And this kind of snobbery isn’t confined to the BBC and the Guardian; it’s regularly on show in the ostensibly conservative Telegraph and Mail newspapers, notwithstanding the columnists mentioned below. I suspect that this is because some British conservative commentators are keen to win the approval of the left-leaning cultural mainstream (and to secure coveted invitations to appear on those BBC panel shows). Left-wing pundits need to make no such accommodation.
While this anti-Americanism is evident on both the right and left, it’s directed disproportionately towards Republicans and conservatives for the simple reason that they’re comfortable talking about American exceptionalism, refuse to apologize for their country, and loudly extol its virtues of freedom and self-reliance. Democrats and liberals, on the other hand — as exemplified by President Obama — are rather more reticent about standing up for America, and tend to defer to other countries and international bodies such as the United Nations. In the eyes of the British and other foreign media, therefore, they “know their place”.
Unique to this election cycle, there’s also the “Obama effect.” In Britain, as elsewhere around the globe, the symbolism of the election of America’s first black president made an impression, and few in the media can bring themselves to acknowledge that he’s failed. Meanwhile, the tabloid newspapers in particular are too busy swooning over his latest appearance with champagne-guzzling rappers or Hollywood stars to pay much attention to unemployment numbers or the national debt. Even the more serious “broadsheet” newspapers still go weak at their collective knees when the president turns on the “cool.”
All that said: there are several reporters and columnists in Britain’s right-of-center press whose coverage of the election campaign has been broadly supportive of Republicans and occasionally verges on out-and-out cheerleading for Romney, and who have no qualms about tearing into Obama. Some of the most incisive election coverage has come from Toby Harnden, the Mail’s U.S. editor, and from the Telegraph’s Timothy Stanley. Also worth reading at the Telegraph are the American-born Janet Daley, Nile Gardiner, and Daniel Hannan, the Conservative Euro MP who’s something of a hero with American conservatives for his attacks on Obamacare. Among new media, The Commentator is unrivaled in its coverage of U.S. politics and conservative issues in general.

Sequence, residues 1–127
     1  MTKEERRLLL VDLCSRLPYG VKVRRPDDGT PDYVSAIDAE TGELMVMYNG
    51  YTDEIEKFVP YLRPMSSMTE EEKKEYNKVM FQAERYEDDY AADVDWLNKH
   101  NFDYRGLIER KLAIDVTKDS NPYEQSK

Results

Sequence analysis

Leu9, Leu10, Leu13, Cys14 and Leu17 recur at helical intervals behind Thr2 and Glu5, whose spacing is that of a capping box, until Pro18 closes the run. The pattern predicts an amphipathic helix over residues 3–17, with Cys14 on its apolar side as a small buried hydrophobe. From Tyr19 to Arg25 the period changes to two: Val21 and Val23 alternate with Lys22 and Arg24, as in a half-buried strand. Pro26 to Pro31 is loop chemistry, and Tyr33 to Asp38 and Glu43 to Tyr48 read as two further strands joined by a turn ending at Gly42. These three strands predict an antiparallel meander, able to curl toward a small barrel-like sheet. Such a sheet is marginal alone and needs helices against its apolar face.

But does the British media’s take on the election campaign and on U.S. politics in Britain really matter? After all, American conservatives don’t need to look to Britain or anyone else for validation of their beliefs. And back in 2004, the Guardian tried to influence the election by orchestrating a letter-writing campaign to persuade voters in Clark County, Ohio, to vote for John Kerry, and the effort backfired; Clark was the only county in the state to turn from blue in 2000 to red that year.
However, it’s easier than ever for opinions and ideas to cross national boundaries. And while conservatives may be as immune to the bias of the foreign media as they are to that of their own, less ideological voters are more susceptible, particularly if they’re being told — as was the refrain during the Bush years — that their country’s standing in the world would be improved were they only to put a Democrat in the White House.
So U.S. conservatives should be wary of the British media’s influence, and be prepared to counter inaccurate and distorted attacks. But they should also know that there are plenty of Britons who love America, respect the religious beliefs of its people, and aren’t embarrassed to call ourselves conservative. We’re rooting for our allies across the pond, and for Mitt Romney.